Editor’s note: This article is part of the special coverage on the 100th Anniversary of the UF/IFAS Citrus Research and Education Center, found in the October 2017 issue of Citrus Industry magazine.
By Tom Nordlie
Throughout the Citrus Research and Education Center’s (CREC) 100-year history, the collective efforts of its faculty and staff have supported Florida citrus growers in myriad ways. During the good times, CREC delivered improvements to increase productivity and cut costs. During the bad times, CREC helped growers overcome diseases, pests, droughts, freezes and other issues.
To choose a short list of CREC’s greatest accomplishments, we conferred with the current CREC director, Michael Rogers, and his predecessor, Jackie Burns, who held the position from 2009 through November 2014, when she was promoted to UF/IFAS dean for research. Though interviewed separately, they discussed many of the same achievements.
- Helping growers produce the world’s best-tasting citrus fruit
- Dissemination of scientific information to establish a baseline level of technical expertise among growers
- Improved pest management practices
- Establishing strong partnerships between growers and CREC scientists
- Development and refinement of citrus nutrition recommendations
- Expanding commercial utilization of citrus byproducts
- Early use of biocontrol, beginning in 1926 with construction of an insectary to raise the ladybeetle Harmonia dimidiata to reduce populations of green citrus aphid
- Contributions to the technology needed to produce frozen orange juice concentrate, early 1940s
- Studies showing that supplemental irrigation could boost yields, early 1950s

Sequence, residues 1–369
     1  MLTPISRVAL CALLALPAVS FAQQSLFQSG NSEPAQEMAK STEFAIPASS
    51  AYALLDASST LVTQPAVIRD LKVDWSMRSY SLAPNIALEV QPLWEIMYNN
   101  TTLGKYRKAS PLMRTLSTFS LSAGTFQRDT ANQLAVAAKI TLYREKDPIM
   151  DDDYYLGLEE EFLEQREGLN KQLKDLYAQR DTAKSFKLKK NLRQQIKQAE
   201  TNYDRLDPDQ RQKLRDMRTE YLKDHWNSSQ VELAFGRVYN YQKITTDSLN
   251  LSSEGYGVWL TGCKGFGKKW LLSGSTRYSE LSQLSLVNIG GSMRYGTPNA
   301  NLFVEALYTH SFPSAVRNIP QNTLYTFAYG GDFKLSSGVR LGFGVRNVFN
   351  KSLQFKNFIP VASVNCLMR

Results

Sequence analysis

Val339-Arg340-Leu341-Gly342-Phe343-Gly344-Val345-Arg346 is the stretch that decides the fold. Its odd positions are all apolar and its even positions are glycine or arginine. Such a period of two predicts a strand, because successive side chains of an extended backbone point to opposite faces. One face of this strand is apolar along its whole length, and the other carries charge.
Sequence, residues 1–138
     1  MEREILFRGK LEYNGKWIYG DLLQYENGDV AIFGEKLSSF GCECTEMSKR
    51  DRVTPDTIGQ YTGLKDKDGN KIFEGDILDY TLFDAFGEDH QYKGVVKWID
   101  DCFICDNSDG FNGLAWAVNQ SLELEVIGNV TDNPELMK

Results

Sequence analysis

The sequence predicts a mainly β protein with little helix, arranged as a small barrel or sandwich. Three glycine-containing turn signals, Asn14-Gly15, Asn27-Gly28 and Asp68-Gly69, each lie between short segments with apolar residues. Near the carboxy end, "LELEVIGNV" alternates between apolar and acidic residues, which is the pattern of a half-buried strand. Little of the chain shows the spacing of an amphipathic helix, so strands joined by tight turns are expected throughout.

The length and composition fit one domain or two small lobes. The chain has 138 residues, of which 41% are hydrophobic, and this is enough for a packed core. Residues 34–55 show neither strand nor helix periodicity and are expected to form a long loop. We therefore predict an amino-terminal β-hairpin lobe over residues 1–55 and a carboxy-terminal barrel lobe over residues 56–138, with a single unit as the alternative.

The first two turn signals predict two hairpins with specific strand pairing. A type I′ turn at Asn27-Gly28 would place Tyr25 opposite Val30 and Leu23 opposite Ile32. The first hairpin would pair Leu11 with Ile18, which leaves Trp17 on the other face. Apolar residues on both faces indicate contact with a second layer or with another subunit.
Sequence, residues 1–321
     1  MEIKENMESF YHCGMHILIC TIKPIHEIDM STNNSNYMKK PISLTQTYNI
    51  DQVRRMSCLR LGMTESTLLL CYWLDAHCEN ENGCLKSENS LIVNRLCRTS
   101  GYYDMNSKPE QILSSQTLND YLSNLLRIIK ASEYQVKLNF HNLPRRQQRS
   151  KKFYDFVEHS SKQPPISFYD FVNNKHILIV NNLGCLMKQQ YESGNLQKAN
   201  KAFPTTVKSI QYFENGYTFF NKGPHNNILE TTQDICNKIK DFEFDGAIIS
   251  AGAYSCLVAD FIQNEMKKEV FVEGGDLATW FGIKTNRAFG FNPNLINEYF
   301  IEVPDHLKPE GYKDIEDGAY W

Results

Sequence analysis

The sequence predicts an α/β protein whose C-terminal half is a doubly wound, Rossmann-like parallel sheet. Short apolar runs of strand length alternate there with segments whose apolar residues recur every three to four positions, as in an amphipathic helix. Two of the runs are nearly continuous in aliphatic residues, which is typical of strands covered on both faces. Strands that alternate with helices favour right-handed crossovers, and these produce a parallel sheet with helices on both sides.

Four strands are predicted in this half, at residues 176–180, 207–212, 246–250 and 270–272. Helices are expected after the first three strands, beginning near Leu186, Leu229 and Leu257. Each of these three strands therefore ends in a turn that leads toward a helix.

- Improved degreening procedures that dramatically cut ethylene gas use, 1952
- Determination in 1953 that the burrowing nematode caused spreading decline; development of resistant rootstocks and management practices
- Research on mechanical harvesting begins, 1958
- Establishing a statewide citrus Extension position, 1966
- Recommendation of microirrigation sprinklers beginning in 1981
- Breeding of citrus rootstocks resistant to citrus tristeza virus, late 1990s
- Leadership in developing Hazard Analysis and Critical Control Points food-safety protocols for juice producers in the late 1990s
- Release of more than 30 citrus rootstock and scion varieties that provide new opportunities for Florida growers, including the first HLB-tolerant variety, Sugar Belle®, 2006–present
- Citrus Health Management Areas program for Asian citrus psyllid control and the concept of coordinated pesticide applications on adjacent properties, 2007
- Determination that the early stages of HLB infection damage citrus roots more so than other tree structures, 2014
Tom Nordlie is a public relations specialist with University of Florida Institute of Food and Agricultural Sciences Communications in Gainesville.
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